Yet another riff on the classic planter’s punch, here we see a wonderfully minimalist cocktail from New Orleans that brings the punch back to its simple roots. The highlight of this edition is in fact the addition of Peychaud’s bitters. These bitters were created in the late 18th century by an apothecary named Antoine Amedie Peychaud who worked in New Orleans. Today, Peychaud’s bitters are made by the great Buffalo Trace Distillery. Peychaud’s Bitters may have a secret recipe but the biggest difference is its light character. Considerably less bitter than most of its counterparts, Peychaud’s has an aroma of tutti-frutti, licorice, and flowers. Although best known in the sazerac cocktail, Peychauds is a versatile bitters used throughout the New Orleans cocktail scene. For this planter’s variation, the bitters become the star and elevate this simple take on the classic punch to new heights in tikidom.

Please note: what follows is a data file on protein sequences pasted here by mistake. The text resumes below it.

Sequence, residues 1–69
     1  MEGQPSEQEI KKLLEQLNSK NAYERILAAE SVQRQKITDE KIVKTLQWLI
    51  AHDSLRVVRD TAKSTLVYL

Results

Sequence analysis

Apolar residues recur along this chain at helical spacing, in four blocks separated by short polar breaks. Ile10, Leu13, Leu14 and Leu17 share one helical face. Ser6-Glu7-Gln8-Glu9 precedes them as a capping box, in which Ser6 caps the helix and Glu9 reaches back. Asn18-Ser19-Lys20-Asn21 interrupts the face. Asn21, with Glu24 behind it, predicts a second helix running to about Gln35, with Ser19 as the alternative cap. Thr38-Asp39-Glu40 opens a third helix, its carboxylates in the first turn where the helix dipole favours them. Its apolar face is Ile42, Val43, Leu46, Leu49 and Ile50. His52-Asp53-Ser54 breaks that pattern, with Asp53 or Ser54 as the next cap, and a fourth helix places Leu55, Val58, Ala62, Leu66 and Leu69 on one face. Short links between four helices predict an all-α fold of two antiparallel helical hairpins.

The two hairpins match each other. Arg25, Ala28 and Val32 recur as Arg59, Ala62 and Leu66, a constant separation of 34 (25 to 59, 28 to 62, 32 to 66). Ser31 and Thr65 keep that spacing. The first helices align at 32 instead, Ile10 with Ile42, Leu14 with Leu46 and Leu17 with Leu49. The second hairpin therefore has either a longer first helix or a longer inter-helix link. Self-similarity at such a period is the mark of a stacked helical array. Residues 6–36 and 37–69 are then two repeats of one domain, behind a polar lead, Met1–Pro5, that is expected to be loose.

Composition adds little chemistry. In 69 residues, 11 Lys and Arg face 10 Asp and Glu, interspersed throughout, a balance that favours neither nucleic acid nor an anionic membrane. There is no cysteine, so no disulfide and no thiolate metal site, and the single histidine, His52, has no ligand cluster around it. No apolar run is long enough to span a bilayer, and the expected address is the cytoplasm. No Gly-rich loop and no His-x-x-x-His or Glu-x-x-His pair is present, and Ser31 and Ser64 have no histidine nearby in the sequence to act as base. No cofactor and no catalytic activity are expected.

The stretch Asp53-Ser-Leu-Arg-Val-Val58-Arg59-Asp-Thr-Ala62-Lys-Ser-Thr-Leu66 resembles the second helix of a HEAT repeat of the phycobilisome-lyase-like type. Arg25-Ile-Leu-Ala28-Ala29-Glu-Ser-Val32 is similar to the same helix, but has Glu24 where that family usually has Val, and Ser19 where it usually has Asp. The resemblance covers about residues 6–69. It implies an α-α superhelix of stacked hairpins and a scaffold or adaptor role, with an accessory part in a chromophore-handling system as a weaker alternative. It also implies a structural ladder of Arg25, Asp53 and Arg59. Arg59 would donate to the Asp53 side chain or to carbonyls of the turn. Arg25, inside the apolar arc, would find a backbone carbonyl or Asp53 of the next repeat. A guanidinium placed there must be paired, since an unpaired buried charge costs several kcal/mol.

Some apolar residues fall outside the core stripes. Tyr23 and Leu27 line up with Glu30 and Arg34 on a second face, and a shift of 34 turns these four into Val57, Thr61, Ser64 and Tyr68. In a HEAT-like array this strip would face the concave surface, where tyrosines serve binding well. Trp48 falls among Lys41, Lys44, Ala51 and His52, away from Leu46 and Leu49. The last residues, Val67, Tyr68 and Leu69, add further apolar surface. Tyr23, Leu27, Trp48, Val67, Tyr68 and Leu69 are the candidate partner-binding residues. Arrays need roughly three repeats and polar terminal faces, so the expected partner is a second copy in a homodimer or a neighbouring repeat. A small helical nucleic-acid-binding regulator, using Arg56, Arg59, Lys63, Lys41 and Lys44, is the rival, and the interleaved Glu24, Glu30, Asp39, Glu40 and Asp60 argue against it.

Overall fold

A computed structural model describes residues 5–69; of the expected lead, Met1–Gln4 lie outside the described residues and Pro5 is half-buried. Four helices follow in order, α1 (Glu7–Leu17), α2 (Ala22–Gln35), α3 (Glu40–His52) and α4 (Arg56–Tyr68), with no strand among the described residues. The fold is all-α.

We have seen a classic planter’s punch cocktail before, so why cover a second version? Well planter’s punch is one of those tiki cocktails that has spawned such an array of variations that many of them need to be appreciated in their own right. Think of planters as a sort of martini of the tiki world, the type of cocktail that can harkon back to the original – at least in name – while exploring a myriad of flavors and characters. This fine edition is brought to us by the great Don the Beachcomber himself. Don had a twofold innovation for this drink. First, he added a splash of club soda to add bubbles and lighten the drink a little. Then, he added a honey mix to give more depth and character to the punch. All told, this is a fantastic tiki cocktail that isn’t as fruity as many planter’s Learn More